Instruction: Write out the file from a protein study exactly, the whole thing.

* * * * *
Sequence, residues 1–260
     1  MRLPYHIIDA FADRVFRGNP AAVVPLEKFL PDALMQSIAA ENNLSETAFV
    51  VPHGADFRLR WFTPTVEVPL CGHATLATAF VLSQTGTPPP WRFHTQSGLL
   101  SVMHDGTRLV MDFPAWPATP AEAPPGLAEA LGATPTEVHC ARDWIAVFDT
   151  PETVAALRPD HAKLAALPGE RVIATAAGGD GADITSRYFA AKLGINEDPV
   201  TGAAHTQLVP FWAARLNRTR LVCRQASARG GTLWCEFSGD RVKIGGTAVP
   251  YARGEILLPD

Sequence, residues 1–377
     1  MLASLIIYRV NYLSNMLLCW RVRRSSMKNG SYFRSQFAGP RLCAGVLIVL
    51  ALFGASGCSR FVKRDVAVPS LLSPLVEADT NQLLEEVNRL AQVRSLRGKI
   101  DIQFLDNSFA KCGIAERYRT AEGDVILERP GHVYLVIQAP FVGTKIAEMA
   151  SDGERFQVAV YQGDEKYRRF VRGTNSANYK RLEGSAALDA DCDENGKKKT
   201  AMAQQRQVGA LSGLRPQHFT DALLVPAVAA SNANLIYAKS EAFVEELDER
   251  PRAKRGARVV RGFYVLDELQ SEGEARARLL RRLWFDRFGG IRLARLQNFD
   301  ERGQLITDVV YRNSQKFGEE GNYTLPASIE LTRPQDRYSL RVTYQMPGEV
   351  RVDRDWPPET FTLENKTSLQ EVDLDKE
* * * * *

Sequence, residues 1–260
     1  MRLPYHIIDA FADRVFRGNP AAVVPLEKFL PDALMQSIAA ENNLSETAFV
    51  VPHGADFRLR WFTPTVEVPL CGHATLATAF VLSQTGTPPP WRFHTQSGLL
   101  SVMHDGTRLV MDFPAWPATP AEAPPGLAEA LGATPTEVHC ARDWIAVFDT
   151  PETVAALRPD HAKLAALPGE RVIATAAGGD GADITSRYFA AKLGINEDPV
   201  TGAAHTQLVP FWAARLNRTR LVCRQASARG GTLWCEFSGD RVKIGGTAVP
   251  YARGEILLPD

Sequence, residues 1–377
     1  MLASLIIYRV NYLSNMLLCW RVRRSSMKNG SYFRSQFAGP RLCAGVLIVL
    51  ALFGASGCSR FVKRDVAVPS LLSPLVEADT NQLLEEVNRL AQVRSLRGKI
   101  DIQFLDNSFA KCGIAERYRT AEGDVILERP GHVYLVIQAP FVGTKIAEMA
   151  SDGERFQVAV YQGDEKYRRF VRGTNSANYK RLEGSAALDA DCDENGKKKT
   201  AMAQQRQVGA LSGLRPQHFT DALLVPAVAA SNANLIYAKS EAFVEELDER
   251  PRAKRGARVV RGFYVLDELQ SEGEARARLL RRLWFDRFGG IRLARLQNFD
   301  ERGQLITDVV YRNSQKFGEE GNYTLPASIE LTRPQDRYSL RVTYQMPGEV
   351  RVDRDWPPET FTLENKTSLQ EVDLDKE